INDIANAPOLIS — Imagine yourself at a library, you’re cracking open a book by the window, a librarian shushes a crowd of kids as they settle down for storytime, a group of students gathers at a nearby table clicking their pens over homework.
Now, most of that isn’t allowed.
Storytime has gone virtual, and you can only sit and read or study for an hour at a time, says Jackie Nytes, CEO of Indianapolis Public Libraries.
“We are having to ration our time and our space,” Nytes said. “We have to limit the number of people who can be in our buildings at any given time.”
She says to make sure more people have access to the library they have to limit people’s time they can spend there.
They’ve also had to start quarantining their books.
Before a book can be put back on the shelf once it’s been returned it has to sit in quarantine for four days, similar to how a person has to quarantine for two weeks.
“If a book is clearly dirty, chocolate candy on the cover, of course, we’re going to clean that,” Nytes said. “But, a book just from general handling, we process those by quarantining them.”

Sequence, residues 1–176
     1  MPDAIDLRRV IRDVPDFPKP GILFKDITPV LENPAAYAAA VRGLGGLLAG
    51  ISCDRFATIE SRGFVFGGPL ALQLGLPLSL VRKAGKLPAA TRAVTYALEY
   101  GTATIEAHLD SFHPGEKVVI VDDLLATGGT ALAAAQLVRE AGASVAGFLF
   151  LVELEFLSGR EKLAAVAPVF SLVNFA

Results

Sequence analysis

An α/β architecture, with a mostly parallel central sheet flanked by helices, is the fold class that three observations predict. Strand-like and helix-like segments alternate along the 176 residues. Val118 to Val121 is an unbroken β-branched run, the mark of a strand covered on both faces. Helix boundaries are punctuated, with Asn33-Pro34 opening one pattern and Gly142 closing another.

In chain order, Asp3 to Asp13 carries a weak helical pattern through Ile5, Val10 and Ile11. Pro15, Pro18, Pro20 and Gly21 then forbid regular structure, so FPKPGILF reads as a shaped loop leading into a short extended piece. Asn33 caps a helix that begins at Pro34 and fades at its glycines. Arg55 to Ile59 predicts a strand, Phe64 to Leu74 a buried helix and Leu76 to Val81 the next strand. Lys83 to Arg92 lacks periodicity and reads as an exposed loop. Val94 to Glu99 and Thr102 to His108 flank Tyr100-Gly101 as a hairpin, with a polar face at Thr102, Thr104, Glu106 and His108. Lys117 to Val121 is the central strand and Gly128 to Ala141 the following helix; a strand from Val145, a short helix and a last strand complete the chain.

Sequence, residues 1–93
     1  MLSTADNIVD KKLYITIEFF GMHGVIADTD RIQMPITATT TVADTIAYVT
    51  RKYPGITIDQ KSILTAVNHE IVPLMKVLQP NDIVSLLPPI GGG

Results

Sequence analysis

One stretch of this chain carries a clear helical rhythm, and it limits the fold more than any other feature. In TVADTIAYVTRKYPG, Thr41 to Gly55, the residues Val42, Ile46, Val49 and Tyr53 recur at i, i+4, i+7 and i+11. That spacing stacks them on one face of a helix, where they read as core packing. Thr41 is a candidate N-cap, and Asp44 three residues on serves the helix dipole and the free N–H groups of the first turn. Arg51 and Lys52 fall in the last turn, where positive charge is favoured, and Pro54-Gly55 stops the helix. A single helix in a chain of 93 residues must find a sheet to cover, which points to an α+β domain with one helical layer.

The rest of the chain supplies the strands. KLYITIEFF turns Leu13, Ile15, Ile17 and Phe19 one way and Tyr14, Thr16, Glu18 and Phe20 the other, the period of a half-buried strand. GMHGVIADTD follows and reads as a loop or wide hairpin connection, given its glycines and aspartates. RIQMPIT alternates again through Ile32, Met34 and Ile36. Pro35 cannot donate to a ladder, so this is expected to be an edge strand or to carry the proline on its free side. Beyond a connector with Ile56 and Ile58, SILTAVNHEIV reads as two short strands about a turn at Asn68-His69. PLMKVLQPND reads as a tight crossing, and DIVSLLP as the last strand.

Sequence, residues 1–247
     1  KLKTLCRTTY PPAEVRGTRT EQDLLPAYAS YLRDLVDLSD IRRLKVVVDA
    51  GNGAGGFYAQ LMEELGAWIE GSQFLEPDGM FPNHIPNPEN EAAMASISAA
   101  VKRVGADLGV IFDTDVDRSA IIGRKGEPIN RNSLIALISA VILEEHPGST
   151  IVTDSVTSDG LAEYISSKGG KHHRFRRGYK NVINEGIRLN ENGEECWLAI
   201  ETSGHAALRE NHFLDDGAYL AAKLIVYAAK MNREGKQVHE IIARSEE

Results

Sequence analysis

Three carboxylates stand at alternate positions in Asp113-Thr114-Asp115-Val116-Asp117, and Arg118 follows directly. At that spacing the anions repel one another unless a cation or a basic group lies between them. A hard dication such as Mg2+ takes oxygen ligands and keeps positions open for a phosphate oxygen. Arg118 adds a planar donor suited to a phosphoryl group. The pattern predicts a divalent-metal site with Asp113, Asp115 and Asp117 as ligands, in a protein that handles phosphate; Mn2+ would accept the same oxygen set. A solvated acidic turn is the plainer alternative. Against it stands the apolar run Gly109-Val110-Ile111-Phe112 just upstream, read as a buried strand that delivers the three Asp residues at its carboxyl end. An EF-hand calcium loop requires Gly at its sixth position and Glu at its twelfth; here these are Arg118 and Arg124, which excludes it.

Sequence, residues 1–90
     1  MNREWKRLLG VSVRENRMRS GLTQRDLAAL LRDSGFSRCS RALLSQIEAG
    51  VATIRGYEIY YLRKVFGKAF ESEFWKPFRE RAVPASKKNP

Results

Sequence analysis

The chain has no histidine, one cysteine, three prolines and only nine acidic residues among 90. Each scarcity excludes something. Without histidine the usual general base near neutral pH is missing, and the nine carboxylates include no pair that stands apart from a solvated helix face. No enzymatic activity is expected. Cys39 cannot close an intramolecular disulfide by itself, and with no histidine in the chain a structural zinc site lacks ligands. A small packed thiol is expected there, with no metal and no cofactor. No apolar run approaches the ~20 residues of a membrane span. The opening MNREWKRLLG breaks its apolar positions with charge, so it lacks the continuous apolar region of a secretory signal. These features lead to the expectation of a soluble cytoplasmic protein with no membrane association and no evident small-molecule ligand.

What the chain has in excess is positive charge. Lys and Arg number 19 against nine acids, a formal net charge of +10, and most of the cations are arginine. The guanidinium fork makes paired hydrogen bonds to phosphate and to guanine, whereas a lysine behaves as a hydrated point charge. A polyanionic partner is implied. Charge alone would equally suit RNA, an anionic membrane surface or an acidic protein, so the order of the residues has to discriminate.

She said a big frustration since the pandemic began is the loss of opportunity to program with people, and the ability to get together with a group and have a dynamic exchange of information.
“Having joyous gatherings around books, and around authors,” is something Nytes says she misses the most. “We had some amazing programs planned for the fall that we’ve had to cancel.”
When asked if they planned on moving activities back to in-person, she said they’re not taking the risk and will probably remain virtual for the rest of the year.
“You know, there’s so many things people can’t do right now. We’re all facing limits every time we turn around,” she said. “But, one thing we can do, especially with our children, we can be reading together.”
She said she hasn’t seen many students using the library for e-learning, but they’ve noticed more cars in the parking lot. The cars are full of families coming with a laptop so they can access activities for their children.
It doesn’t bother anyone that they’re there said Nytes. They’ve even checked to make sure the library WIFI is strong enough to reach that far.
“If there is any good thing that might come out of this very difficult time it would be that we all have an opportunity now to spend even more time with our children reading together.”